New franchise legislation now in place

Minister of Consumer and Commercial Relations Bob Runciman announced today that the Ontario government's legislation providing for fairness in the franchise marketplace has been proclaimed and the regulations are now in effect.

Ministry of Consumer and Business Services
January 31, 2005

New franchise legislation now in place
News Release

TORONTO — January 31, 2001 — Minister of Consumer and Commercial Relations Bob Runciman announced today that the Ontario government's legislation providing for fairness in the franchise marketplace has been proclaimed and the regulations are now in effect.

"This legislation affects a sector of the economy that generates billions of dollars in sales in Ontario each year," said Runciman. "By ensuring fairness when buying and selling franchise operations, we will give investors greater confidence in Ontario, encouraging them to provide jobs and continue to spur economic growth in this province."

Sections of the Arthur Wishart Act (Franchise Disclosure), 2000 requiring pre-sale disclosure of information by franchisors, and setting out the consequences for failure to disclose appropriate information, were proclaimed today.

Some sections, which ensure that franchisees have the right to associate freely and to form organizations, were proclaimed in July 2000. Also, the sections that came into force last summer set a standard of conduct to govern the franchise relationship and encourage the fair behaviour of all parties to a franchise agreement.

Kevin Ryan, Executive Vice-President of National Grocers Retail said "The grocery industry considers that this legislation strikes an appropriate balance. It provides potential franchisees with the information they need to make wise business decisions, without creating relationship legislation and making it difficult for franchisors to compete with the national chains."

"The legislation is practical and helps to protect potential franchisees, and encourages growth in the franchise sector. It provides a level playing field based on honesty and fairness," said John Sotos, LLB, a Toronto solicitor who represents a number of franchisees.

Participation of franchisees and franchisors in the Franchise Sector Working Team, which was struck to review pertinent issues and proposals was key to development of effective legislation, said Runciman.

The legislation is named in honour of Arthur Wishart, MPP for Sault Ste. Marie from 1963 until 1971, Member of the Order of Canada and Attorney General of Ontario, who devoted much effort to the franchise issue when he served as Minister of Financial and Consumer Affairs.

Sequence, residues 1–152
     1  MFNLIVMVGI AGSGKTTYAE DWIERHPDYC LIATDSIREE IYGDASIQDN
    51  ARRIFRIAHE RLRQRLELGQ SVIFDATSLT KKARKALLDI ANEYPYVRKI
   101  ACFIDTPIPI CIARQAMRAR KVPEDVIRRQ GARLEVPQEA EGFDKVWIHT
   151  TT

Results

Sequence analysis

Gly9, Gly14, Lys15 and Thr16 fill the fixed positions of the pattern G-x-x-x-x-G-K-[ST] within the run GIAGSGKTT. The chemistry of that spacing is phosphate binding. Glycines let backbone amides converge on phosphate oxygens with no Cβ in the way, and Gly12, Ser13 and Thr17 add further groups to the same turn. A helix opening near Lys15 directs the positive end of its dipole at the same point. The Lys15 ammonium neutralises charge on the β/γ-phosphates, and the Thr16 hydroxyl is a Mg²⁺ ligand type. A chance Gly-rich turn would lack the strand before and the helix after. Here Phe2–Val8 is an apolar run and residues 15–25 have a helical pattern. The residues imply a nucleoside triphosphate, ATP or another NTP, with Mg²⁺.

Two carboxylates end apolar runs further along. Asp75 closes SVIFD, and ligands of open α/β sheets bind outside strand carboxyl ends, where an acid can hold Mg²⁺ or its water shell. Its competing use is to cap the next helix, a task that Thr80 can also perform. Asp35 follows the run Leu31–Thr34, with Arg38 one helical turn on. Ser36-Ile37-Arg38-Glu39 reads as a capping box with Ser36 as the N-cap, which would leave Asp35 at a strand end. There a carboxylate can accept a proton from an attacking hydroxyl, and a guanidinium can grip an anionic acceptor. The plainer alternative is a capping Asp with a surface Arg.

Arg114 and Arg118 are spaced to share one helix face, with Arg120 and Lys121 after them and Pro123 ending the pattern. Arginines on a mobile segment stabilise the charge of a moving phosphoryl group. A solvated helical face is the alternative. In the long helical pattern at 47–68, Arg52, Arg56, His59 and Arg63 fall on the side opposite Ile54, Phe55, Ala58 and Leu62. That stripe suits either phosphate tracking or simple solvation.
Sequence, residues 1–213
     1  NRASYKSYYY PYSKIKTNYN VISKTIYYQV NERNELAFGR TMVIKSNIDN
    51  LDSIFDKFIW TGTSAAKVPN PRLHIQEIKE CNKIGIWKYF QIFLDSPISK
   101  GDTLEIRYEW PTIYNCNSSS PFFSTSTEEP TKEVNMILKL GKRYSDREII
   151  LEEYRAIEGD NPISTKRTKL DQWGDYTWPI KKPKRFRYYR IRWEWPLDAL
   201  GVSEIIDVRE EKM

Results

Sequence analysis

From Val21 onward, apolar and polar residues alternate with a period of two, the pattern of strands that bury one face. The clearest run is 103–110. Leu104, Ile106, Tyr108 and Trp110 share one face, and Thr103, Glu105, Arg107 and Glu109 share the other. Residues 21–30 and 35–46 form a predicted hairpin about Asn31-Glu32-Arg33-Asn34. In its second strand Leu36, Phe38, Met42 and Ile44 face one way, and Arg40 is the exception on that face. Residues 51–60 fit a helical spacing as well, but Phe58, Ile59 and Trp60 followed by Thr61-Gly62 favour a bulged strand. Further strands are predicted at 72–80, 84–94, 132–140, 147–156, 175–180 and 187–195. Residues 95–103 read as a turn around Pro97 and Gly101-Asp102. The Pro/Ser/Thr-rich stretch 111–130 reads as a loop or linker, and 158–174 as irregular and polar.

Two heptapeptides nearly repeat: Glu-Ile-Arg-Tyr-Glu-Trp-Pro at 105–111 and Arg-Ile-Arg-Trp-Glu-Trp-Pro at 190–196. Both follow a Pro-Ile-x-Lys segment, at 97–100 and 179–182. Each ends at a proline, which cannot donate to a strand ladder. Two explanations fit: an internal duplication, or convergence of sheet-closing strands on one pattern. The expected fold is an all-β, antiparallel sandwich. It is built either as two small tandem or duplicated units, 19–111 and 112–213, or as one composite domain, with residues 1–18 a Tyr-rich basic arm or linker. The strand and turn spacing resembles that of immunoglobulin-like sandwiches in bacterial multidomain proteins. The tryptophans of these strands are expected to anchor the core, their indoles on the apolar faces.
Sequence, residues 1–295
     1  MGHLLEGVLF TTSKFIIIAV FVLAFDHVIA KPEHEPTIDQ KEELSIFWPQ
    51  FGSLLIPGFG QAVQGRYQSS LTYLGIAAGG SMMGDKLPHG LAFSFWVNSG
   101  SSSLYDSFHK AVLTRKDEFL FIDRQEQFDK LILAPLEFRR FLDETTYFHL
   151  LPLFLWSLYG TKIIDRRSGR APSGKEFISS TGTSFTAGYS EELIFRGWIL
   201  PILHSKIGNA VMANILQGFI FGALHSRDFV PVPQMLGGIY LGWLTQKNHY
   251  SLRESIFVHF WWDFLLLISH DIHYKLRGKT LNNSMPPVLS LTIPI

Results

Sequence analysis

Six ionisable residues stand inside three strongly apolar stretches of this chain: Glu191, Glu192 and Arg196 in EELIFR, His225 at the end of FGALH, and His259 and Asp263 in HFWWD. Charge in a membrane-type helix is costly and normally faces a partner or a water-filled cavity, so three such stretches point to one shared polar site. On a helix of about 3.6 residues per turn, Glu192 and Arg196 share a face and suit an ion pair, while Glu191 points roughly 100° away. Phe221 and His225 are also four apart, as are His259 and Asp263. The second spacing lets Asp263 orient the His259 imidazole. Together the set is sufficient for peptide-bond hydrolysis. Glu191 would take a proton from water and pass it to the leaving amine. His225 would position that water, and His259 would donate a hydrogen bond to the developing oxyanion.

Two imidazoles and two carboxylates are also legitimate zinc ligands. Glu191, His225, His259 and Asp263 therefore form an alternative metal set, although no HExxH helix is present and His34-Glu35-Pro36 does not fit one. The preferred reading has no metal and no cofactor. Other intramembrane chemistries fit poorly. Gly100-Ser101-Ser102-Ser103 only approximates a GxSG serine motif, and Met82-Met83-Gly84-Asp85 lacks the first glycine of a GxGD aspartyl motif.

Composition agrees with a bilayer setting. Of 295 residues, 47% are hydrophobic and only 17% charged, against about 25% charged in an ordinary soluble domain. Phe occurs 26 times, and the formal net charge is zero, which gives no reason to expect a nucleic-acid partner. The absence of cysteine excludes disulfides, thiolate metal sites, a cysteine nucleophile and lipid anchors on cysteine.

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Backgrounder

Arthur Wishart Act (Franchise Disclosure), 2000

What is the Act all about?
The Arthur Wishart Act (Franchise Disclosure), 2000 is a Government of Ontario initiative to provide for fairness in the franchise marketplace. Some sections of the legislation were proclaimed in July 2000. Others came into effect January 31, 2001.

It establishes standards for pre-sale disclosure of information by franchisors. The Act requires a franchisor to provide a disclosure document at least 14 days prior to entering into a franchise agreement or receiving any payment relating to a franchise.

The Act also provides a right to associate for franchisees and a duty of fair dealing, which includes the duty to act in good faith and in accordance with reasonable commercial standards. This section of the Act applies to all existing franchise agreements.

What businesses are covered under the Act?
There are two areas of franchise arrangements that are covered by the Act - traditional franchises and business opportunities. The Act covers franchise agreements where the franchise business is operated wholly or in part in Ontario.

How will the Act help me if I want to buy a franchise?
As well as requiring a franchisor to provide a disclosure document at least 14 days prior to entering into a franchise agreement or receiving any payment relating to a franchise, the Act also imposes a duty of fair dealing on each party to a franchise agreement and provides a right to associate for franchisees. This gives franchisees the right to associate with other franchisees, regardless of any provisions to the contrary that may exist in a franchise contract.

What is franchise disclosure?
The Act requires a franchisor to provide a disclosure document at least 14 days prior to entering into a franchise agreement or before any payment is made by or on behalf of a prospective franchisee. The Act and regulation set out the minimum information, such as the seller's business background and all the details of the business arrangement, that a franchisor must include in a disclosure document.

What happens if a disclosure document was not provided?
There are certain consequences where a disclosure document was not provided or was not provided within the required time. You should contact your lawyer if you did not receive the required disclosure.

This news release is available at: http://www.cbs.gov.on.ca/mcbs/english/news_releases.htm


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Risks: Ministry of Consumer and Commerical Services, Ministry of Consumer and Business Services, Ministry of Government and Consumer Services, Ministry of Government Services, Ontario, Franchise Sector Working Team, Arthur Wishart Act (Franchise Disclosure), 2000, Canada. Franchise laws protect franchisors, not franchisees, Canada, 20010131 New franchise

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